The ability to understand how a language is constructed definitely has it´s merits. However, from my point of view, this only tells me that you can follow some rules and join a lot of dots together; seriously, how dull is that?!
What´s the point of using a colour by numbers book when you could allow your imagination to take you on journey without rules and without limitations.
OK, having said all that – here you go:
- Can work in a team structure
- Can make decisions and solve problems with little supervision
- Can communicate verbally with people inside and outside an organisation
- Can plan, organise and prioritise work independently
- Can obtain and process information
- Can analyse quantitative data
- Can use computer software programmes
- Can create and/or edit written reports
- Can sell and influence others
- Can think for themselves
- Can adapt to new ideas, systems and processes
So, what do you think? Do you agree with the opinions of this magazine? And, as importantly, do you have any of the above abilities?
Experientially speaking, I can’t work in a team structure, I’m brilliant at making decisions but they aren’t always the right ones, I’m hooked on planning and organising, but I couldn’t sell an igloo to an Inuit. So, in a nutshell, it’s a good job I’m self-employed.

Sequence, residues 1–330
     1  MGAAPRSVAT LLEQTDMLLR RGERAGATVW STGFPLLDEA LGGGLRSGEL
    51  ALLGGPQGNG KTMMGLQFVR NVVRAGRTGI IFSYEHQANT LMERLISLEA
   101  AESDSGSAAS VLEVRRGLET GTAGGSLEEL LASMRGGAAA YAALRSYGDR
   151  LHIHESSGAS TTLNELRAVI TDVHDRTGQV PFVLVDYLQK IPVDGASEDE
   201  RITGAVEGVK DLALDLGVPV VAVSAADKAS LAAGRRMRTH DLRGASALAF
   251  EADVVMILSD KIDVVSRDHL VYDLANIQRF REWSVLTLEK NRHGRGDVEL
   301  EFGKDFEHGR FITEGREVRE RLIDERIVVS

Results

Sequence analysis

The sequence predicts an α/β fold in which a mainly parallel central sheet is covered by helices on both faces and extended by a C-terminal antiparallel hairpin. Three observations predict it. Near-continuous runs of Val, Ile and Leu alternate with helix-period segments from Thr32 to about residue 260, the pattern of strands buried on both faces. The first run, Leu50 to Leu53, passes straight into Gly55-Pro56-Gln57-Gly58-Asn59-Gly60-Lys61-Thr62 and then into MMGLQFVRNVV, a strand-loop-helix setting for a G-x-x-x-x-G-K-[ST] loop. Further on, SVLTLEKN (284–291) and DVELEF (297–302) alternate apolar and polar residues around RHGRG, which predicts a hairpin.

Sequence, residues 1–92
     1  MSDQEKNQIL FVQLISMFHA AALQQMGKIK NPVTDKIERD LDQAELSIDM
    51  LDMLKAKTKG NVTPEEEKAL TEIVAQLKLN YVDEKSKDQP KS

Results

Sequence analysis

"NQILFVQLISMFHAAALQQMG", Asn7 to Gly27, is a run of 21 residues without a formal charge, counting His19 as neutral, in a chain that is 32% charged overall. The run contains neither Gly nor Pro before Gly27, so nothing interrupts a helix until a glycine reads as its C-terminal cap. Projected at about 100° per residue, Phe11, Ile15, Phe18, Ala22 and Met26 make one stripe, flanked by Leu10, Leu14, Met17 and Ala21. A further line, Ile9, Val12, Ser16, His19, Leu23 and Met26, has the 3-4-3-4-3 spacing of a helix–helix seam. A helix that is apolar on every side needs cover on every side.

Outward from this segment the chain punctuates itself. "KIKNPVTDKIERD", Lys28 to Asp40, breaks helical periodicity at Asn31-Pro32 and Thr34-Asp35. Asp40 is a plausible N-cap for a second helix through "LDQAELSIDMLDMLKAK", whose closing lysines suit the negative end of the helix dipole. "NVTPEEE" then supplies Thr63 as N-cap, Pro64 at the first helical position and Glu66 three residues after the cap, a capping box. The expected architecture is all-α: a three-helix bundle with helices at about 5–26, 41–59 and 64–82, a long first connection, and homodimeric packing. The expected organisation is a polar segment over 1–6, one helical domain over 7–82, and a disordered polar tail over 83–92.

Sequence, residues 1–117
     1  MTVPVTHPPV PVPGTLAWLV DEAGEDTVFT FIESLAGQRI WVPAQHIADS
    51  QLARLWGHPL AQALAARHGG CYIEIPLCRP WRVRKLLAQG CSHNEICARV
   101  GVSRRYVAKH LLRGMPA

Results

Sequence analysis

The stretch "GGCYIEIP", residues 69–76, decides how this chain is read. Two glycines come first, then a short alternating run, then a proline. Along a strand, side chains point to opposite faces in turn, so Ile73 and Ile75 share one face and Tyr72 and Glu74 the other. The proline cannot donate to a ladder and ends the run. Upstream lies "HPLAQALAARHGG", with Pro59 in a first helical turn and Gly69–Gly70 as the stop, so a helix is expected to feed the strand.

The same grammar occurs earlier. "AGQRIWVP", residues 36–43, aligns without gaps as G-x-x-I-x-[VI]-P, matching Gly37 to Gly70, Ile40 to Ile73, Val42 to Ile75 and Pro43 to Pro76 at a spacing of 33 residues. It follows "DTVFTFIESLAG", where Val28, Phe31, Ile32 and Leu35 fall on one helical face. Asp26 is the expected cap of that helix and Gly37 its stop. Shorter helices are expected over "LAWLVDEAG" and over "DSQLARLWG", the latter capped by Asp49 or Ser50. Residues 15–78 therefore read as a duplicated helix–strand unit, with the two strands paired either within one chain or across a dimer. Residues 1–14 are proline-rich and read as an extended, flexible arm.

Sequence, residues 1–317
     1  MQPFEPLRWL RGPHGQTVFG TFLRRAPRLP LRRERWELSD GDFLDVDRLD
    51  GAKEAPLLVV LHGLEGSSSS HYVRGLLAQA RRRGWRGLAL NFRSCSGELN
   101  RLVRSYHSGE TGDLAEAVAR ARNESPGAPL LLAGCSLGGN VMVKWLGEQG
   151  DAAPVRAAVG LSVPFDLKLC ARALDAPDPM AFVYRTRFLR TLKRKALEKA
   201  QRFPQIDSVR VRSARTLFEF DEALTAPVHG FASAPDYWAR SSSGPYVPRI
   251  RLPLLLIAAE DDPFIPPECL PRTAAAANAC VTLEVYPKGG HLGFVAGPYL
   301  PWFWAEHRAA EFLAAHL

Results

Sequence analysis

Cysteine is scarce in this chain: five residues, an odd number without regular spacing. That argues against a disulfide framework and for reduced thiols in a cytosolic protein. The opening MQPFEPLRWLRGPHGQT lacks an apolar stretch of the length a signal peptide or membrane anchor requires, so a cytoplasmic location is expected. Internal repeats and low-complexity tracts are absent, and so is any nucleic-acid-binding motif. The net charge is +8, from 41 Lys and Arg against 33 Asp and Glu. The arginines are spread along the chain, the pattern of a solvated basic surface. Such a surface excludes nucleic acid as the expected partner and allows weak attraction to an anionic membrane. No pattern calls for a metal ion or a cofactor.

It is said that informal and colloquial language is becoming much more popular in business contexts nowadays, and I would completely agree with this opinion.
Whether or not this familiarization of professional contexts is for the better or worse, is definitely debatable. However, truth be told, if you can control both styles of communication, you will be able to open more doors, and seize more opportunities.
If you are interested in more examples of the differences between formal and informal language, why not check out this website?